Los Gigantes cliffs and beach, Tenerife.
Our hotel is perched up on a rock and has a wonderful view of the cliffs. They are especially striking at sunset.
To get to the beach below the cliffs means a little walk. First up a steep hill, not much fun, but nevertheless tackled a few times because of the reward of a nice day out.
Pause at the bench half way up the hill. Regret eating so much for breakfast, but how can you not, when faced with such a wonderful, varied, limitless buffet?
Make it to the top of the hill, look in some shops, buy a silly beachy-type garment in green with big orange circles on it – it will sit in a cupboard unused for years, but is nevertheless precious and gets pulled out in advance of future beach holidays.
Then downhill, nodding a hello to other tourists, enjoying the views of the bay and the marina ahead, revelling in the wonderful heat and clear blue sky.
In the little town we look at the hundreds of big fishes begging for crumbs in the waters of the harbour, taking endless photos of them. We get accosted by various people selling boat trips and consider which excursions we might purchase.
In fact on another day, I do go on one on my own, several hours out on a little boat, and I have to admit, they deliver what was promised – several good sightings of leaping dolphins, as well as black beluga whales, and one bigger whale, lingering just off from the boat, quite an experience.
In particular I remember three dolphins swimming towards the boat fast, in formation, and passing underneath. In a straight line, ignoring the boat – giving us the feeling that they were busily engaged on their own urgent and secret business, and we were merely an obstacle in the way of their very clear trajectory. They definitely knew where they were going and I waved them on their way.
Based on this experience, I recommend Tenerife as somewhere you can really see dolphins – not just get the promise of them, as I’ve experienced on boat trips elsewhere. And I don’t think it was just a lucky day – sightings seem to be pretty reliable.
So by the harbour, we sit and eat sardines in a café on the corner, unfortunately having to spend the whole meal swatting away flies from our plates.
Then we cross the road and discover a wonderful public lido. A big pool right by the sea with loads of space to sunbathe, and good facilities, or at least, everything you need – changing rooms, toilets and a little café.
I don’t know why I like it so much – or rather I do, it’s because it’s relatively empty of people. I guess everyone’s at their hotel pool and not keen to pay for this public one, but I think it’s a wonderful extra option, and enjoy swimming and lazing around in relative seclusion for some time.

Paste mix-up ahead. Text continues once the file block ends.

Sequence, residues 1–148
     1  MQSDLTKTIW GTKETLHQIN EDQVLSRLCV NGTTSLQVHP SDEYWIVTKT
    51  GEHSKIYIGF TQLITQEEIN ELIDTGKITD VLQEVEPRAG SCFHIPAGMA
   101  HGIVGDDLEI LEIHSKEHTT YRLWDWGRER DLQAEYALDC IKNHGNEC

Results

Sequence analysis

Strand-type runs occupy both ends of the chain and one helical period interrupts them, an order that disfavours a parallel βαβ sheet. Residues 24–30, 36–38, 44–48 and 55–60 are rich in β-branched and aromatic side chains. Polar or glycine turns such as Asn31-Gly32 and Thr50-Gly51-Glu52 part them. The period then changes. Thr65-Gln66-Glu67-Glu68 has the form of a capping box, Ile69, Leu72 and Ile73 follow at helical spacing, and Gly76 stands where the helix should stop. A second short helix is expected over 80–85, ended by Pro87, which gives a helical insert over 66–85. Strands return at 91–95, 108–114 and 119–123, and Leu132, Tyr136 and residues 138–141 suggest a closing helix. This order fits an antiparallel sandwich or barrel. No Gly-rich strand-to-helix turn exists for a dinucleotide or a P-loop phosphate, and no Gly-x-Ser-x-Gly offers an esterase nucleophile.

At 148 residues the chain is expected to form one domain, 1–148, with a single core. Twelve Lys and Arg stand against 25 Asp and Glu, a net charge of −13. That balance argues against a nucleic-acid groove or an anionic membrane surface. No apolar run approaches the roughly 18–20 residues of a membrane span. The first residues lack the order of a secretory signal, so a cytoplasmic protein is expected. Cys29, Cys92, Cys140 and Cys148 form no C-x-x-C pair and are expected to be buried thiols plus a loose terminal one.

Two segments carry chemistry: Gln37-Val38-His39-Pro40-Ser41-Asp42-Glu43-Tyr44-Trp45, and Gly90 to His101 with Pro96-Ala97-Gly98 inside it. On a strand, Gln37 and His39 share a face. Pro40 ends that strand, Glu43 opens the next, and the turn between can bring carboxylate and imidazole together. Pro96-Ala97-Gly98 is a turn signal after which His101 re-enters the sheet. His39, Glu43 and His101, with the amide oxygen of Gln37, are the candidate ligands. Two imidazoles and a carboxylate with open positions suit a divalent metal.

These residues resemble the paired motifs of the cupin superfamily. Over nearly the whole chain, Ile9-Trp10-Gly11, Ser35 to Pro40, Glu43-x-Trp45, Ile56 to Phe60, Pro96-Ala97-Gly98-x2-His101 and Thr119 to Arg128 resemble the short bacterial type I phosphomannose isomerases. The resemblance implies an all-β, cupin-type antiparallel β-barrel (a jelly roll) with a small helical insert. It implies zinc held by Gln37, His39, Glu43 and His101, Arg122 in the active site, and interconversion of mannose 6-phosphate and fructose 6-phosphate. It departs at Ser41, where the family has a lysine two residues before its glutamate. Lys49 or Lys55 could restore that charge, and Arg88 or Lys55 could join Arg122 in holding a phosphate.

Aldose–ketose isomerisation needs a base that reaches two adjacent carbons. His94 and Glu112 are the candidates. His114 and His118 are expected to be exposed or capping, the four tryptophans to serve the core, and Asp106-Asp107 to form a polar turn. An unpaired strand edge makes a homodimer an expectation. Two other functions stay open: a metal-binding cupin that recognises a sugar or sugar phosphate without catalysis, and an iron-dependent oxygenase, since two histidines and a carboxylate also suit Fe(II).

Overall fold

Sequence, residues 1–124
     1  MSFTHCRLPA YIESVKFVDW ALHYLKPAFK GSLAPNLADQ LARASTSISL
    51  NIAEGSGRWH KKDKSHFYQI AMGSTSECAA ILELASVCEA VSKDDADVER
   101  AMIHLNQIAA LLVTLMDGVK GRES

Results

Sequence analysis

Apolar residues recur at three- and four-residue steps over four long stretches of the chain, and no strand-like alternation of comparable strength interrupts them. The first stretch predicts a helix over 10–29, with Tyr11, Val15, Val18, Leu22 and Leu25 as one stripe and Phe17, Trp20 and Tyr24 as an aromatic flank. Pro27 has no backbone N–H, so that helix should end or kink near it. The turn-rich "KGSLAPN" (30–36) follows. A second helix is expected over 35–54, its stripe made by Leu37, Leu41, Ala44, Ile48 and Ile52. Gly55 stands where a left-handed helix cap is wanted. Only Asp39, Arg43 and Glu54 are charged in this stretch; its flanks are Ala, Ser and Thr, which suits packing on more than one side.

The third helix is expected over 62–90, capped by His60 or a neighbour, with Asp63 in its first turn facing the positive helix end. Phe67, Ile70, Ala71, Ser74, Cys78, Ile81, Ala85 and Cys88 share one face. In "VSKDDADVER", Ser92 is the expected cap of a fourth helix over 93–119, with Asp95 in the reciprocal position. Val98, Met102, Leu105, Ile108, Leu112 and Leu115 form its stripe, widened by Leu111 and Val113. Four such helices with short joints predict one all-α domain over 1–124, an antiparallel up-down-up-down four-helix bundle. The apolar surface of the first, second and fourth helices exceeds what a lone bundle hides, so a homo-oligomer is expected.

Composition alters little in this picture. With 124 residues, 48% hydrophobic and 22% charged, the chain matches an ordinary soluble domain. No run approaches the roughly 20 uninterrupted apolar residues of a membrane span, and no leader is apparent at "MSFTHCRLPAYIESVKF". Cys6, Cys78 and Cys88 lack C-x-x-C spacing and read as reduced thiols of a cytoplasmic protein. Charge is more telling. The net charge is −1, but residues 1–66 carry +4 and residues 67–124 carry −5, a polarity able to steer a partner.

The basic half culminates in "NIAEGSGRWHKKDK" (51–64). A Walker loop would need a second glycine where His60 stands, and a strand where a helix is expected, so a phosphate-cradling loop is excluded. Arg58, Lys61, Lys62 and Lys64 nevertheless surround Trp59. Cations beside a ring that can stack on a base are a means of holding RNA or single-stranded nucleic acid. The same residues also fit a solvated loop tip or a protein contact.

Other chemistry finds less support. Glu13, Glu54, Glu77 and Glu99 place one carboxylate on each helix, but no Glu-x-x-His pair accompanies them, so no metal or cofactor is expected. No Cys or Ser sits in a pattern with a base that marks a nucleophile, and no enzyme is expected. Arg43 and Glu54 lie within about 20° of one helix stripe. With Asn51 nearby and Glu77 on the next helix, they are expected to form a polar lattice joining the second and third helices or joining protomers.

Then later in the day, we walk along a pretty little pathway with tourist shops on one side and some beautiful, coloured trees and bushes on the other. At the end of this is Los Gigantes beach. Small and not too busy, with the cliffs towering above it, but not providing much in the way of shade at this time of day.
The sand is so incredibly hot, it’s impossible to walk on. Even in flip-flops, the sand gets onto your feet and burns them. Everyone hops about from their towels to any patch of shade under a sunshade. This is why people wear trainers on the beach!
We hire sunbeds and shades and plaster ourselves with sun tan lotion.
The toilets by the beach are dreadful, second only to the worst toilets I have ever experienced in my life – a stinky hut in the middle of the Chott El Jerid, a salt pan in Tunisia.
There’s a little café right on the beach, nothing special but with a very ‘local’ and atmospheric feel. Beer and ice cream gets consumed.
The cliffs impart a bit of an echo. Swallows fly around them, the waves break against the bottom of them at the end of the beach.
I liked this little beach, despite the hot sand and the smelly loos. It was a peaceful, quiet moment – a nice bit of genuine relaxation. I pottered about under the cliffs, wading in the sea and exploring rockpools. Feeling profound – as you do sometimes, looking out over the water and listening to the waves and the sound of children playing.
And this beach became particularly significant, after the event, because a few months after our holiday in Tenerife, we saw a sad news story – there had been a serious rockfall on this very beach and a tourist was killed. Pretty much exactly in the spot we had lain, somewhere in the middle of the beach!
Wrong place at the wrong time – for some poor other lady, not me.
Moral of the story – don’t sunbathe under cliffs!